2) The frequency of the aforementioned 3 phase power is crazy high compared to dawdling 60Hz from your local outlet. I think the typical gear ratio is something like 4 to one so even at idle the alternator is spinning at something like 3000 rpm and it just goes up from there.

3) The battery acts like a large slow capacitor, being peak charged by the peaks coming by on each cycle. This is all moderated thru the battery's internal resistance which is low on a car battery.

Keith Cress
kcress - http://www.flaminsystems.com

RE: How does a battery act to suppress voltage ripple on a recified DC supply?

(OP)
Thank you once again everyone - really interesting to read the responses. I'll take a look at the linked papers this evening.

I've got a few scenarios I'm playing out in my head with this new insight now, but I'm struggling to decide the outcome. Please correct me on any of the following...

Let's say a vehicle battery has a such a low SoC that the starter motor won't even turn over (maybe even has a bit of permanent sulfation). As I understand, the internal resistance of the battery is relatively high when in this state. In the case of removing the battery from the vehicle during engine running, we go from a very low internal resistance device (battery) in parallel in the circuit to an infinitely high resistance 'device'. This rapid change in resistance is responsible for the load dumping event... is this correct?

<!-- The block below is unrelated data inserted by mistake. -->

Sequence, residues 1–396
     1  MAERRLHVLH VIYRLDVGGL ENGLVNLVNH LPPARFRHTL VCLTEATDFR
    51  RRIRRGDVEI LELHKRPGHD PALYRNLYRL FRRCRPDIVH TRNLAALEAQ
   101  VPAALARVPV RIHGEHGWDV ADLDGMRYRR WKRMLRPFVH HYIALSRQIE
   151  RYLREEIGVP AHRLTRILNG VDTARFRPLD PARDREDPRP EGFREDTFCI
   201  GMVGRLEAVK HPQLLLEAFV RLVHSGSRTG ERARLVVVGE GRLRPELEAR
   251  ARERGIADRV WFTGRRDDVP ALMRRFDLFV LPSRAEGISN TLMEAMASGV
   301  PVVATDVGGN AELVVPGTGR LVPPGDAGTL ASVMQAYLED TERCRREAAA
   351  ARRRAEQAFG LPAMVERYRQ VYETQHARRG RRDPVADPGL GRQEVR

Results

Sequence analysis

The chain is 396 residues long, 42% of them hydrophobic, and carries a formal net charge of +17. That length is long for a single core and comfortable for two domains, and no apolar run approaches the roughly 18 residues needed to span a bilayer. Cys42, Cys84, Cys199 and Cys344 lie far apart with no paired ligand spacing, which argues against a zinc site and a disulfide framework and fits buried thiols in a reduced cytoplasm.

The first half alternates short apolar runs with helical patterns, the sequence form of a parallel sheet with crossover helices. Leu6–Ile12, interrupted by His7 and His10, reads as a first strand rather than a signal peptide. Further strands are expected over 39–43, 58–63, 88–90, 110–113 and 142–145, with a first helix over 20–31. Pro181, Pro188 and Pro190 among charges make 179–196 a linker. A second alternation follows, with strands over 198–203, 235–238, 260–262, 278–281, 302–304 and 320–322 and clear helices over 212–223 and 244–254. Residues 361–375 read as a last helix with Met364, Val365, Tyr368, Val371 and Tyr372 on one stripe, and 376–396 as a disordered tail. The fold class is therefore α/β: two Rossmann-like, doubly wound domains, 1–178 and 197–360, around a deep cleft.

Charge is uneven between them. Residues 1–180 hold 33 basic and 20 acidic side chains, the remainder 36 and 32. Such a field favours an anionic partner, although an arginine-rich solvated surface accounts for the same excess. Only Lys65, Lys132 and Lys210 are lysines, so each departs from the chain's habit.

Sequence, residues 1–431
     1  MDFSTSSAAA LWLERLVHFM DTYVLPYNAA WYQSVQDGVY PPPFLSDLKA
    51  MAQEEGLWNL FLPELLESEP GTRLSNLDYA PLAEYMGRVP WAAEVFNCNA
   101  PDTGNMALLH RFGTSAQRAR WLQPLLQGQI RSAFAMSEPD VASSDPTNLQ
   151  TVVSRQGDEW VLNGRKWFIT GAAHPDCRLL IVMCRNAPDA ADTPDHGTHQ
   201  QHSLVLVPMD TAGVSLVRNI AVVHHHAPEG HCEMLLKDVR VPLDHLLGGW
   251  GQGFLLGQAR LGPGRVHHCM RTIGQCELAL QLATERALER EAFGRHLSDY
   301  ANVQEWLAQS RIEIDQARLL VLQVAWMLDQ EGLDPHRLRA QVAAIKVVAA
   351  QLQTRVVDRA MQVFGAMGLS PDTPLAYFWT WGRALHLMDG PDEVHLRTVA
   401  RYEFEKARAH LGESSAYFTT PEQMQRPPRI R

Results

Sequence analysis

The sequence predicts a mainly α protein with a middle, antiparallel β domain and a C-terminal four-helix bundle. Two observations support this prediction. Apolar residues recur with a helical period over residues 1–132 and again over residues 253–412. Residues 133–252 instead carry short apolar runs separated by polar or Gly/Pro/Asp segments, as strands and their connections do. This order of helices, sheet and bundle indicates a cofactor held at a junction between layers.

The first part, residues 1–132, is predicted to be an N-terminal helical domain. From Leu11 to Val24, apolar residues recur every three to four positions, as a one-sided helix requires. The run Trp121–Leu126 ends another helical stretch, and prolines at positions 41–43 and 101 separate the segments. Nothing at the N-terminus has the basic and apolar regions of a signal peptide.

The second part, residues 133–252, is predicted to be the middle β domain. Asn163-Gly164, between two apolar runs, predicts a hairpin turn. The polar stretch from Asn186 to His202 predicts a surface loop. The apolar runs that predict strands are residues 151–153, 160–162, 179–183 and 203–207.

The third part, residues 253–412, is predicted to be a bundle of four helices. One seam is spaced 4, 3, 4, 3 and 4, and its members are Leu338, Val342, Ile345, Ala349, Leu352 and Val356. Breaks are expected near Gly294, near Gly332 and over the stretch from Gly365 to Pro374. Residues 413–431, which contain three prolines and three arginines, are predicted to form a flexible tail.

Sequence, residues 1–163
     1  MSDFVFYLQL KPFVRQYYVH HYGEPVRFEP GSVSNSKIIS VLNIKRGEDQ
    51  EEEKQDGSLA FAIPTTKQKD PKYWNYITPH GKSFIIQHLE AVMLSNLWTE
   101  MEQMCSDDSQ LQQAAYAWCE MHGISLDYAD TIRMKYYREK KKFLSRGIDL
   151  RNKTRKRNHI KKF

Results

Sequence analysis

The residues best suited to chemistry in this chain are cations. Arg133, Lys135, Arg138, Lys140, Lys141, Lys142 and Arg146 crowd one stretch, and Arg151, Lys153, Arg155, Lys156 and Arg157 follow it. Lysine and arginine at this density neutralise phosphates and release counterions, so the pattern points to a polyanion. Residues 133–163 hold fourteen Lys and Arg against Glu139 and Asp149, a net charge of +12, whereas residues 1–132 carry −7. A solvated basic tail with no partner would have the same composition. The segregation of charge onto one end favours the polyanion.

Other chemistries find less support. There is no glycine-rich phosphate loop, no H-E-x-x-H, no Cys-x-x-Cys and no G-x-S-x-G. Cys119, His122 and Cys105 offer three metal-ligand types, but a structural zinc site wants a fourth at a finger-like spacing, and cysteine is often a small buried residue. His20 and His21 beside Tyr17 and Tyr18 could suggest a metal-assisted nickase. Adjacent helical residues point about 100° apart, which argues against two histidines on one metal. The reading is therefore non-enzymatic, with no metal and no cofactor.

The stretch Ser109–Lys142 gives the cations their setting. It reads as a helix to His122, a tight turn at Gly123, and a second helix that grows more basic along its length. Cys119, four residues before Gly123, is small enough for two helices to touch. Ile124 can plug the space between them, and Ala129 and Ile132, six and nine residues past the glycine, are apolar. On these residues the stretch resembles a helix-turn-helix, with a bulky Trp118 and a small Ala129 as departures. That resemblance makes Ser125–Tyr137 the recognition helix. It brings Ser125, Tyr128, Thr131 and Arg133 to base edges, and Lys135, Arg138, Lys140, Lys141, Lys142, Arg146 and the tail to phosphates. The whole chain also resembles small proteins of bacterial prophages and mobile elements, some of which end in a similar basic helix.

If this is the case then a similar scenario would be played out but with less extreme values during jump-starting(?). I can't remember the last time I jump-started one of my cars, but this thread has got me very, very slightly nervous now! tongue

Can a fast 'switch' to a low SoC battery in the scenarios described below cause load-dumps (or increased ripple? Since it's effectiveness of ripple suppression/rejection is affected by the internal resistance)?

1) What risk is there to automotive electronics when disconnecting jump leads following a jump-start? Will there be a notable peak voltage? Will there be increased ripple initially until the charge of the battery increases?

2) Alternatively what if a vehicle is jump-started by a standalone spare battery? Once the engine has been started and the leads are removed, would there be a load dump/spike/increased ripple in this circumstance? I'm guessing it would be similar to the above?

In both cases, is this why it is recommended to continue being connected to the donor vehicle post-jump start for a few minutes?

Hoping I haven't out-stayed my welcome with the numerous questions!

Regards,

Adam

RE: How does a battery act to suppress voltage ripple on a recified DC supply?

From my knowledge, a battery looks like a voltage source with a huge capacitor in parrallel. A sever load dump is only likely to occr if the battery is disconnected while then engine is running. One solution is here:
http://www.st.com/web/en/catalog/sense_power/FM114...